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Premier Oil PLC And Tullow Oil plc Are Up 35% In A Week: Have They Finally Turned The Corner?

What a difference a week makes. The energy price crash of the last year has hammered smaller oil explorers who need the cash to keep flowing to fund their development products.

Premier Oil (LSE: PMO) and Tullow Oil (LSE: TLW) have been hit harder than most, their share prices plummeting by up to 75% over the last 12 months.

Both companies have been forced to jump through hoops to reassure investors that their capital debt structures are in good order, and can withstand a sustained period of $50 a barrel oil price or less.

Nerves were temporarily soothed but it was still clear that at some point oil had to rise again, to make their sums add up.

Roll Out The Barrel

And last week, sentiment finally changed. Maybe oil had been too cheap for too long, making markets receptive to a different narrative.

The rumoured Chinese stimulus package revived spirits, although we are still waiting to see what that entails. The “bad news is good news” market reflex helped, as poor data puts the supposedly imminent US and UK rate hike on the back burner once again.

European Central Bank easing may also have played a part in oil’s recovery. As did the American Petroleum Institute’s weekly inventory report showed a drop of 1.2m barrels last week for crude.

There are other reasons to think that the oil price recovery could have wheels. Vladimir Putin’s manoeuvres in Syria will only inflame tensions in the world’s oil producing heartlands, while it also appears that US shale production has finally been squeezed by the aggressive Saudi price collapse strategy.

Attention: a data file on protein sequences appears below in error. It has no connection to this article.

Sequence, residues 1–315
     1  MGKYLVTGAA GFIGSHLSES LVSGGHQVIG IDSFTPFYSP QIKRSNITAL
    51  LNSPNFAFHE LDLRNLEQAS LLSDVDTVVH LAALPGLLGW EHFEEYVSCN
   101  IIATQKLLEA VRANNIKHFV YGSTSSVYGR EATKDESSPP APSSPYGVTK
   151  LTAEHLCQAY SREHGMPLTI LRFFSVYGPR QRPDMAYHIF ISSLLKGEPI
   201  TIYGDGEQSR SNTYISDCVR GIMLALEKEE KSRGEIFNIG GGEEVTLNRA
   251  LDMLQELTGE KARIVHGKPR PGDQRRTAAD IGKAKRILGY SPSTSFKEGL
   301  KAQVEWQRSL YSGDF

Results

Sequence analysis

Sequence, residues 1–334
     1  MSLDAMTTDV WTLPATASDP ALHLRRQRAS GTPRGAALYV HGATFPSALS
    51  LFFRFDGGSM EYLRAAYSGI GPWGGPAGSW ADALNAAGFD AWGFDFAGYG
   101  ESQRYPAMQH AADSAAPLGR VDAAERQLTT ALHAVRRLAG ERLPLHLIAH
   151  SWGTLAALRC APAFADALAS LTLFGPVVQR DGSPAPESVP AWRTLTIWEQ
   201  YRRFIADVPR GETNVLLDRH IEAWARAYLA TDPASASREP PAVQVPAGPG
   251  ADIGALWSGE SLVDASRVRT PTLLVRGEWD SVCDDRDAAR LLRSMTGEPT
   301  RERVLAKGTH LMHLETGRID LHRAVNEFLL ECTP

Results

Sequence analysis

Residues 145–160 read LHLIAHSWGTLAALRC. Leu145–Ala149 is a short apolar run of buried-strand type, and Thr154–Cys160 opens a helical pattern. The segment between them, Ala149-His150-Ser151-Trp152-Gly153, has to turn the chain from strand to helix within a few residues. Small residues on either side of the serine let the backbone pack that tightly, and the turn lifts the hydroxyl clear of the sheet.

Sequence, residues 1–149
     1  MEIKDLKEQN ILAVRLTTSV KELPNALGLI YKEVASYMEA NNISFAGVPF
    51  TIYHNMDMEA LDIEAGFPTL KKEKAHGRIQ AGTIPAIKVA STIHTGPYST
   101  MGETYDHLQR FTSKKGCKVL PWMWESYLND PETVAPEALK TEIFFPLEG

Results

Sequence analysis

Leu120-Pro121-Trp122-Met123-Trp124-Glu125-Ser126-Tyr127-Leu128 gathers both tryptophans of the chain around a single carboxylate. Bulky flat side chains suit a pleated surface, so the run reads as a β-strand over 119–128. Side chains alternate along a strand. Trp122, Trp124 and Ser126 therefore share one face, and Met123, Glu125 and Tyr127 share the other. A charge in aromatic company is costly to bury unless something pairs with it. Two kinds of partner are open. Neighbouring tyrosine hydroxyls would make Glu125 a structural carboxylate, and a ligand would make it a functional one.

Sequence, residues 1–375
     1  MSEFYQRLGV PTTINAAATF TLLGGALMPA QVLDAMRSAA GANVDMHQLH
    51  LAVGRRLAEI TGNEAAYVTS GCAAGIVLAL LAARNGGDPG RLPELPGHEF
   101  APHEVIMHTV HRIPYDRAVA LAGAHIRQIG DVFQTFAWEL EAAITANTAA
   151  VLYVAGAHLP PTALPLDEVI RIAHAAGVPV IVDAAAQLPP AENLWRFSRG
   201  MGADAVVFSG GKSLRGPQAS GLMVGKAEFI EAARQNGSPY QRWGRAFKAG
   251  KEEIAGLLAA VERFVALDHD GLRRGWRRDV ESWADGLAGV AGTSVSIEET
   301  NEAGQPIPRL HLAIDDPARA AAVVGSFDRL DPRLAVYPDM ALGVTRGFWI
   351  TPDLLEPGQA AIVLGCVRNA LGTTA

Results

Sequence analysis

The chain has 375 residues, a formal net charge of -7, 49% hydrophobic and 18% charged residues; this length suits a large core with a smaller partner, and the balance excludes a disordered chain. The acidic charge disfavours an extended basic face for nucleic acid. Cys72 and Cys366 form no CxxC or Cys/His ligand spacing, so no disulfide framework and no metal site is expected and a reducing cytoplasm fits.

China Syndrome

Where the oil price goes, Premier and Tullow’s share prices follow. Their share prices are up 34% and 38% respectively over the past week, rewarding brave contrarians. Both stocks are a geared play on pricier oil and that gamble has paid off for now, but can it keep reaping the rewards?

More expensive oil isn’t a one-way bet. China might get its stimulus package but demand from that quarter may continue to fall as the growth story continues to slow. In any case, the extra liquidity could mostly be used to service existing company debt rather than being put to productive work.

Wildcat shale drillers are squealing at these prices but some may start purring again if oil continues to rise. Supply is still strong, despite the slip in oil inventories. Iranian oil has yet to hit the market.

Long Road Ahead

There is also a chance that the oil price rebound will unwind next week. Some profit-taking is likely and we live in volatile times. So tread carefully and don’t get carried away.

Oil is still too important to the world economy to stay cheap forever, and could surge when Saudi finally tires of its pricing tricks. The US Energy Information Administration (EIA) expects demand to rise by 270,000 bpd to 95.2 million next year, amid stronger projections for Chinese demand growth. The oil cycle may now have passed its low.

Premier Oil and Tullow Oil need oil to rise to at least $60 or $70 a barrel to stay profitable in the long term. At time of writing, Brent Crude trades at $52.65. There is still some way to go, but the journey to pricier oil could finally have started.

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Harvey Jones has no position in any shares mentioned. The Motley Fool UK has recommended Tullow Oil. We Fools don't all hold the same opinions, but we all believe that considering a diverse range of insights makes us better investors.